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Campaign to help ‘kids and kitties’ live in harmony
Just under half of respondents to the survey had concerns about their cat scratching or injuring their child.

Survey reveals one in 12 new parents give up their pets

Leading feline welfare charity Cats Protection has launched a campaign to encourage parents to keep their pets during pregnancy and beyond.

The #kidsandkitties campaign has been launched in response to figures that show over half of cat owners who are expecting a child have concerns regarding their cat and their pregnancy. Just under 80 per cent of owners have worries about handling cat litter, whilst around 66 per cent have concerns over toxoplasmosis.

Cats Protection’s #kidsandkitties campaign aims to put these fears to rest and show expectant parents how they can keep themselves, their children and their cats safe and happy.

 
“There seems to be a lot of conflicting advice out there about cats, pregnancy and children so we’re keen to stress that you don’t need to give up your cat if you are pregnant or have young children,” said Daniel Cummings, Cats Protection’s behaviour officer. “With just some simple considerations, cats and children may live in harmony together and this can bring huge benefits such as helping kids to learn responsibility and compassion for living things.”

Cats Protection's findings show one in 12 parents gave up their pets because they were expecting a baby or had young children. Interestingly, the majority of those people regretted that decision.

The findings also reveal that just under half of respondents had concerns about their cat(s) scratching or injuring their child and the cat(s) climbing into their child’s cot or pushchair.

Emmerdale star and mum-of-two Samantha Giles is lending her support to the campaign and hopes to encourage people not to give up their cats when they are pregnant.

“I remember when we brought our first baby daughter home we put her down in the lounge so our cats could have a sniff, which they did. Our cats were fairly elderly then, too, and they accepted and loved both our children,” she said. “Obviously one has to be sensible and not leave a baby alone with any animal and we made sure we shut the door on Eve’s bedroom so that the cats couldn’t get into her cot.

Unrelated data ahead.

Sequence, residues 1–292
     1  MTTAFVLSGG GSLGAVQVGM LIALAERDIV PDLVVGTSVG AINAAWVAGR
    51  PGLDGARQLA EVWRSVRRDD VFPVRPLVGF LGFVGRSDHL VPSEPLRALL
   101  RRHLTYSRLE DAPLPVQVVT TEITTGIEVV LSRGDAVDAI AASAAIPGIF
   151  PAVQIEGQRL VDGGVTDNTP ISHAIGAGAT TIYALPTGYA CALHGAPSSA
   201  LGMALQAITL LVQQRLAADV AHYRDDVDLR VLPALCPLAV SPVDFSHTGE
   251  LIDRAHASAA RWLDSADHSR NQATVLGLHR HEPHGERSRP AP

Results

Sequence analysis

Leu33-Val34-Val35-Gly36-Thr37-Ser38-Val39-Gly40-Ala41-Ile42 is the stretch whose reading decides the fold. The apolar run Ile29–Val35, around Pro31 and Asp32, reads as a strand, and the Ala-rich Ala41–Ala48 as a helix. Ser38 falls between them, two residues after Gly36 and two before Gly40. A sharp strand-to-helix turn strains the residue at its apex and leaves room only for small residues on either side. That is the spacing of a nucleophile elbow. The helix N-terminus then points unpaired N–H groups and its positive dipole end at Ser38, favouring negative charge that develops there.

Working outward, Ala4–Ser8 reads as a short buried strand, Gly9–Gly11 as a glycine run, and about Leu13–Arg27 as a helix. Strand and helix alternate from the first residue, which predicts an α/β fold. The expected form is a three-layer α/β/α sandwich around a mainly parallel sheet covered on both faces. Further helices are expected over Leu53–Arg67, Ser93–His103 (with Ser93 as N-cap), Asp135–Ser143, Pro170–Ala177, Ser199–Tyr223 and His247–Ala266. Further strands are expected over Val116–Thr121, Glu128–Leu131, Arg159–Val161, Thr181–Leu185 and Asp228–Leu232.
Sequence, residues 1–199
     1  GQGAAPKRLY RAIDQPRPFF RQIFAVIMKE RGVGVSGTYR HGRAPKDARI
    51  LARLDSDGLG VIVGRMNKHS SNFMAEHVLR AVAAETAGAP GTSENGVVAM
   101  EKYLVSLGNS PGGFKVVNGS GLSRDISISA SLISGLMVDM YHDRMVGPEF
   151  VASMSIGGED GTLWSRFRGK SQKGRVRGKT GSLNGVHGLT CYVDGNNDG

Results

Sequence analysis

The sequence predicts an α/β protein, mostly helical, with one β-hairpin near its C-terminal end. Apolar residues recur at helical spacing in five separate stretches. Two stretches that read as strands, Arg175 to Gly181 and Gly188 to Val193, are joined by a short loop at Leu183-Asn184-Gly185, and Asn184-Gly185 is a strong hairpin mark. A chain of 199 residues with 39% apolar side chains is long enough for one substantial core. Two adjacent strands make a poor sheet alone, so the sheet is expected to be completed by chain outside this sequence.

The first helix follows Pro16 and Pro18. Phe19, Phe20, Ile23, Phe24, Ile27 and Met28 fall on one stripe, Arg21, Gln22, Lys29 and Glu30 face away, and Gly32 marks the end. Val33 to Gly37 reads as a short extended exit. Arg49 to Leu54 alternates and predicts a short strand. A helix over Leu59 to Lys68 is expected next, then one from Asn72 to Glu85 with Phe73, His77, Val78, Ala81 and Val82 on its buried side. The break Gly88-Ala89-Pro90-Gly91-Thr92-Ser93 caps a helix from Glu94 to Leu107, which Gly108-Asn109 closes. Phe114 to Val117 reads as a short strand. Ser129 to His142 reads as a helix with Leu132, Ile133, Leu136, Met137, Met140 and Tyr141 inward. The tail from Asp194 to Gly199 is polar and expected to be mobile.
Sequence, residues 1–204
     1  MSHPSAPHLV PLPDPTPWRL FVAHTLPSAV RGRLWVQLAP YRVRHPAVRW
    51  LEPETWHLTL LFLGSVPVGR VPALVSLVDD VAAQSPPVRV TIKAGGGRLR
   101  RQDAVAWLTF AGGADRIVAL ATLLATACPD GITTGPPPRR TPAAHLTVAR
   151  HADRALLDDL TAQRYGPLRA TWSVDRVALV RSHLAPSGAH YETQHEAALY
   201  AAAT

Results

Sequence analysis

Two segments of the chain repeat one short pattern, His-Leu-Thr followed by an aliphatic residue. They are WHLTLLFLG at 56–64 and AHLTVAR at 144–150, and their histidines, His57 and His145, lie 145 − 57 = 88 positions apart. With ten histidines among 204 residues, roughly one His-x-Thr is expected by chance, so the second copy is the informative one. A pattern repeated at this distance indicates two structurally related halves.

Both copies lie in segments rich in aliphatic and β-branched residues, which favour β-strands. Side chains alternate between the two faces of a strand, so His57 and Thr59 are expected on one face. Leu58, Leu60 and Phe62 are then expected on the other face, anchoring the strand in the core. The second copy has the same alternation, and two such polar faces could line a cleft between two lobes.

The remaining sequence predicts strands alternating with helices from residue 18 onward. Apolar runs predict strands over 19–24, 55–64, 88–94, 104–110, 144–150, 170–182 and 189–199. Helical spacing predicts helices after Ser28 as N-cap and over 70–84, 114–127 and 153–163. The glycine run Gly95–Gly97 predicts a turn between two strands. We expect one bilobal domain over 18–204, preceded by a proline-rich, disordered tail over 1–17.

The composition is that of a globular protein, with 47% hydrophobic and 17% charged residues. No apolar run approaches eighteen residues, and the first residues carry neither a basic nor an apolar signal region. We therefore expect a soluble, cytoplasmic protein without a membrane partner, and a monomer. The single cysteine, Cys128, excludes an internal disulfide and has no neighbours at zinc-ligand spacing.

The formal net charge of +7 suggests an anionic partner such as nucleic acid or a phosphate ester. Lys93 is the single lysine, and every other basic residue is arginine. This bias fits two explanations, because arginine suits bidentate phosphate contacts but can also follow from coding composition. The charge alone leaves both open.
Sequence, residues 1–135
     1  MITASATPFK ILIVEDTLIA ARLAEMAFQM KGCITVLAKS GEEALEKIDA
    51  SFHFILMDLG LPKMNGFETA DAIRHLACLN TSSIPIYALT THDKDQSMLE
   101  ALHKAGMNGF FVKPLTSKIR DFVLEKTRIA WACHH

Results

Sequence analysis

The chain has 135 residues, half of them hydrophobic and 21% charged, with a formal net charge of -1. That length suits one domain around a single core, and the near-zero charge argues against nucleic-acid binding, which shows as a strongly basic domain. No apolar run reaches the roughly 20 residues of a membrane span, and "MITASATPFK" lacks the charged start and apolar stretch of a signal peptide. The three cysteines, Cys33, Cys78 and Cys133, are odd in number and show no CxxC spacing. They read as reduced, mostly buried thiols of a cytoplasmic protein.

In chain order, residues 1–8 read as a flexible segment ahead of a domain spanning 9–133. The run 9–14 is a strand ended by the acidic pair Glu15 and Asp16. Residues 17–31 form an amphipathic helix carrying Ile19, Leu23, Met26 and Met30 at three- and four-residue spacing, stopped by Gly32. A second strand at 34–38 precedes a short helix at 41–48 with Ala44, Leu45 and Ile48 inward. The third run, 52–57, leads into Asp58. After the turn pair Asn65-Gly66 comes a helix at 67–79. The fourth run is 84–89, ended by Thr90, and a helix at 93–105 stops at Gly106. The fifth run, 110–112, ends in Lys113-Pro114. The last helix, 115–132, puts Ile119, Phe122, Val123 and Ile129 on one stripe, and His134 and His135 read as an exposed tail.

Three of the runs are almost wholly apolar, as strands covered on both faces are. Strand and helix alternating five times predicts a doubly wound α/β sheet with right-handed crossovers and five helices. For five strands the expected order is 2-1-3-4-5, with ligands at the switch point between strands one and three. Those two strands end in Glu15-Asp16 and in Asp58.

"I’d definitely encourage people not to give up their cats when they are pregnant because there are so many benefits to having a pet in the family.”

For more information about the campaign and advice on cats and pregnancy, visit https://www.cats.org.uk/kids-and-kitties 

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Pair of endangered Amur leopard cubs born at Colchester Zoo

News Story 1
 Keepers at Colchester Zoo are hailing the arrival of a pair of critically endangered Amur leopard cubs.

The cubs were born to first-time parents Esra and Crispin on the 9 September. This is the first time the Zoo has bred Amur leopard cubs on-site.

Amur leopards originate from the Russian Far East and north-east China. In the wild they are threatened by climate change, habitat loss, deforestation and the illegal wildlife trade.

The cubs are said to be “looking well” and are expected to emerge from their den in a few weeks.  

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BEVA survey seeks views about antibiotic use in horses

Equine vets are being invited to participate in a BEVA survey that aims to find out more about antimicrobial resistance in equine veterinary practice.

Designed by researchers at the University of Liverpool and incoming BEVA president Tim Mair, the survey aims to fill gaps in knowledge about how antimicrobials are being used in equine practice and the landscape of resistant infections encountered in equine practice.

Researchers hope the results will lead to a greater understanding of the role of antimicrobial treatment and antimicrobial resistance in horses and protect antibiotics for the future of equine and human health.